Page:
The report focuses on emerging economies as they face particularly complex challenges which have been exacerbated by the pandemic. The six key countries – China, India, Indonesia, Brazil, Mexico, and South Africa – produce about a third of global GDP and 41% of CO2 emissions from fossil fuel use and make up 42% of the world’s urban population. Consequently, the extent to which these six emerging economies can spur cities to catalyse sustainable, inclusive and resilient growth is crucial not only for their future, but for the entire world as well.
The opportunity for cities to be a meaningful part of tackling the climate crisis cannot be understated. This new report, inspired by best-in-class examples from six countries, shows how national governments everywhere can significantly enhance their economic and climate goals by investing in low-carbon, resilient and inclusive cities. Ahead of COP26, this must be an urgent call to action for governments to ensure cities are included in their national climate plans and long-term strategies.
Manuel Pulgar-Vidal, Global Leader, Climate & Energy, WWF-International, and Coalition Senior Ambassador
Supported by over 40 organisations, the report launch kick-starts a programme of engagement with key decision-makers and national leaders on the road to COP26 in Glasgow. Many countries have strengthened their Nationally Determined Contributions (NDCs), but much of the discussion on cities’ role in achieving those goals—and in building back better post-COVID—still focuses on high-income nations. To fully realise cities’ enormous potential, we need to better understand the challenges of low- and middle-income countries, and the report provides evidence-backed solutions to create zero-carbon, resilient and inclusive cities for all.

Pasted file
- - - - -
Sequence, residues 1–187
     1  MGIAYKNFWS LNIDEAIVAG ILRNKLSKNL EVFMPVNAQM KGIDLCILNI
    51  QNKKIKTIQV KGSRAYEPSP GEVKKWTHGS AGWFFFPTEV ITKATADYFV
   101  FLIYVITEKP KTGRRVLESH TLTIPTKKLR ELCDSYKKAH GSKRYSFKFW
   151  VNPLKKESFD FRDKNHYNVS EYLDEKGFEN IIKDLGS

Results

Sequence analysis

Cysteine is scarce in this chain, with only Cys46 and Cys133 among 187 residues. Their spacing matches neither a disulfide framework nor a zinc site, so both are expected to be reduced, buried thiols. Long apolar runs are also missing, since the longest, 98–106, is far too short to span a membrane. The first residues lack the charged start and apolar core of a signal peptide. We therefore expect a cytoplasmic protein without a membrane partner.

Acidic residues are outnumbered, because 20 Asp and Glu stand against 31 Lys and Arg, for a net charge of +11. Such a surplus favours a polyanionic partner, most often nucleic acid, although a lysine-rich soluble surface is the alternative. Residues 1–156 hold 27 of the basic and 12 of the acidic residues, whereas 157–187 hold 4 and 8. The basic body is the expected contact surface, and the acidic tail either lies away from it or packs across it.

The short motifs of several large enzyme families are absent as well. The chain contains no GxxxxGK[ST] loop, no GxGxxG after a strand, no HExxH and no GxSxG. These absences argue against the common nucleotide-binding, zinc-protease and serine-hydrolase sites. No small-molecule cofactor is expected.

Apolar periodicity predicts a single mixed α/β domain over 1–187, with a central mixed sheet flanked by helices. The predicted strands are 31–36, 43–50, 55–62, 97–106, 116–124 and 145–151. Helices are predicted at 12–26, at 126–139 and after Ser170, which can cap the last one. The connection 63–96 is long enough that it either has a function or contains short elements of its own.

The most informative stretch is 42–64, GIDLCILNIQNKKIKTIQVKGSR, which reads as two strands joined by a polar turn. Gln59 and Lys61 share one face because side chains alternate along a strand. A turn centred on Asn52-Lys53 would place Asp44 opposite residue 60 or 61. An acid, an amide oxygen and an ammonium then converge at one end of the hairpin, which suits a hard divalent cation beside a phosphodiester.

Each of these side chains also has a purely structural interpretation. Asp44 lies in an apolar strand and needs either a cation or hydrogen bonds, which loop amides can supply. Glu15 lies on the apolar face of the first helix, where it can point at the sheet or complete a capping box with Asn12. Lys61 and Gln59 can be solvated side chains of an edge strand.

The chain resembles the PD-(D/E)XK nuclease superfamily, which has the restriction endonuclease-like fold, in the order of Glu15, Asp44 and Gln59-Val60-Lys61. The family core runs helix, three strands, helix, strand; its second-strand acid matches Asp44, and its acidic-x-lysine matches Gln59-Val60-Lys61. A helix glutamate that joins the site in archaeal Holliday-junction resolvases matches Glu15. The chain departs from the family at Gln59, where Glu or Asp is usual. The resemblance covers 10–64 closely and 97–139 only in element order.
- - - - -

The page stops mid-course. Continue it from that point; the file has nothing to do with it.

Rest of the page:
This report is as critical as it is timely. By 2030 nearly a billion people will be added to the global urban population – and trillions of dollars will be invested in urban infrastructure – in the decade where global CO2 emissions must be reduced by around half for the target of holding temperature increase to 1.5 degrees C. Focusing on compact, connected and clean cities – where it is easier to move, breathe and work productively and greenhouse gas emissions can be far lower than in existing urban structures – will be at the heart of achieving climate ambitions and to finding a new path to strong, sustainable, resilient and inclusive growth.
Professor Lord Nicholas Stern, Chair of the Grantham Research Institute on Climate Change and the Environment at the London School of Economics.